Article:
Thursday, September 24, 2009

Mayoral takeover of New York City schools-costly and ineffective

In 2002 New York City's public schools were placed under the control of the city's Mayor, Michael Bloomberg .

Since Milwaukee's Mayor Tom Barrett, Wisconsin Governor Jim Doyle and the Metropolitan Milwaukee Chamber of Commerce (MMAC) have proposed that Milwaukee's school board be dissolved and governed by the mayor it's worth examining New York's results.

Diane Ravitch, a professor of education at New York University and a senior fellow at the Brookings Institution and the Hoover Institution, has documented that in New York City mayoral control has not led to increased test scores or a reduction in the racial achievement gap.

She writes:

...New York City students made no statistically significant gains between 2003 and 2007 in fourth-grade reading, eighth-grade reading, or eighth-grade math. There were no significant gains for black students, white students, Hispanic students, Asian students, or lower-income students. New York City was the only city (of eleven tested) where eighth-grade reading scores declined for black, Hispanic, and lower-income students, and the achievement gap grew. Only in fourth-grade math did city students make statistically significant gains.

Ravitch concludes:

The school system needs checks and balances. It needs a regular, independent audit of graduation rates and test scores. It needs a leadership in which education decisions are made by educators. Such changes won't solve all of our schools' problems, but they will end the pointless turmoil of the past five years (of mayoral control) , provide honest information about academic progress, and reestablish the role of the public in public education.

The entire Ravitch letter is linked here.

2 comments:

Chuck Gobel said...

The results of the mayoral take over in New York, as provided by Dr. Ravitch, are not really surprising. You can't get a good result from a bad premise.
However, even more discouraging in Milwaukee, as it should have been in New York, is the lack of significant outcry about taking the ballot our of the hands of the people. This in the United States of America!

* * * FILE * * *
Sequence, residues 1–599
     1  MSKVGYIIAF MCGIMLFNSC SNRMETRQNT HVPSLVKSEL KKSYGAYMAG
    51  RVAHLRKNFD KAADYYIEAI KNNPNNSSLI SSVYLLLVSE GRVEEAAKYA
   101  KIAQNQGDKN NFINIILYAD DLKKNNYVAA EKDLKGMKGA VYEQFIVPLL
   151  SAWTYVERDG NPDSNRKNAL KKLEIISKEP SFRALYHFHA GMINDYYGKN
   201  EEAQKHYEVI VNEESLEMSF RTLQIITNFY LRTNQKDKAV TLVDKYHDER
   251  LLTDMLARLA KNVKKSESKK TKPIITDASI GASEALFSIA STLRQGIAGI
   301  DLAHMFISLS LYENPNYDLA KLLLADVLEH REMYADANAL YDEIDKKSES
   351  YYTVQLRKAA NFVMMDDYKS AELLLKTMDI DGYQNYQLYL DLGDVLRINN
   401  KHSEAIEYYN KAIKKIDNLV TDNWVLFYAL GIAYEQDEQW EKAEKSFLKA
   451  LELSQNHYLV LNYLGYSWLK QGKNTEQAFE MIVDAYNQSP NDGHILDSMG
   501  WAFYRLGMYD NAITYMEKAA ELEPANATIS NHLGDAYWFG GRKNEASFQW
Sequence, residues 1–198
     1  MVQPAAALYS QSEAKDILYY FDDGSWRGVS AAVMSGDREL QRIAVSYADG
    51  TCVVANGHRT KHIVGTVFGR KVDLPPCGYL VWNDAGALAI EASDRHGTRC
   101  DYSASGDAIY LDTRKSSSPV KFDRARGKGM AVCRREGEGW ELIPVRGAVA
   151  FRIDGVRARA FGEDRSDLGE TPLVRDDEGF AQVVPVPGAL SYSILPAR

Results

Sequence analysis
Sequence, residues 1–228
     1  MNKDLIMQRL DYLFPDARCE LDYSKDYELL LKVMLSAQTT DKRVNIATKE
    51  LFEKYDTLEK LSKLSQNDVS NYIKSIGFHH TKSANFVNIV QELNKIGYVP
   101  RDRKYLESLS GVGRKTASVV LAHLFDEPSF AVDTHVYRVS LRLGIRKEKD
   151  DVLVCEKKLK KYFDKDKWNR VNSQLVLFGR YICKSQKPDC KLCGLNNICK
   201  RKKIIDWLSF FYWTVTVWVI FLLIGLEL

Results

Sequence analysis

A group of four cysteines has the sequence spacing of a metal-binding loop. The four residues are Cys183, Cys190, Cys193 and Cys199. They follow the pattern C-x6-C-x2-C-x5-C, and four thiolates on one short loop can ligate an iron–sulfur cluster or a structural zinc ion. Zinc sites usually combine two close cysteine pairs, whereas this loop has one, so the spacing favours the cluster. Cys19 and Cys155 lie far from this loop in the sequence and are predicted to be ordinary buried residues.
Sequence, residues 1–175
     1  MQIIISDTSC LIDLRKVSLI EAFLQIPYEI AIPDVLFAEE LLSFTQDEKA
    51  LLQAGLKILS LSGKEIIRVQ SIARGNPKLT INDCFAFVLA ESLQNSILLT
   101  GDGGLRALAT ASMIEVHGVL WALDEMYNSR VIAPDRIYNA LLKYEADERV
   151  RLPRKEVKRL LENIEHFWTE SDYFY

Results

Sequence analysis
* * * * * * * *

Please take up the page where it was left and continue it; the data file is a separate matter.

The liberal/progressive community - no, the entire populace - should be aghast. Debating the question as if it were an educational issue about who can make students learn better misses the essential point. The basic issue is, will our students go to school in a democratic society.

Chuck Gobel

Alan Cook said...

National math test scores continue to be disappointing. This poor trend persists in spite of new texts, standardized tests with attached implied threats, or laptops in the class. At some point, maybe we should admit that math, as it is taught currently and in the recent past, seems irrelevant to a large percentage of grade school kids.

Why blame a sixth grade student or teacher trapped by meaningless lessons? Teachers are frustrated. Students check out.

The missing element is reality. Instead of insisting that students learn another sixteen formulae, we need to involve them in tangible life projects. And the task must be interesting.

A Trip To The Number Yard is a math book focusing on the building of a bungalow. Odd numbered chapters cover the phases of the project: lot layout, foundation, framing, all the way through until the trim out. The even numbered chapters introduce the math needed for the next stage of building and/or reviews the previous lessons.

This type of project-oriented math engages kids. It is fun. They have a reason to learn the math they may have ignored in the standard lecture format of a class room.

If we really want kids to learn math and to have the lessons be valuable, we need to change the mode of teaching. Our kids can master the math that most adults need. We can’t continue to have class rooms full of math drudges. Instead, we need to clandestinely teach them math via real life projects.

Alan Cook
info@thenumberyard.com
www.thenumberyard.com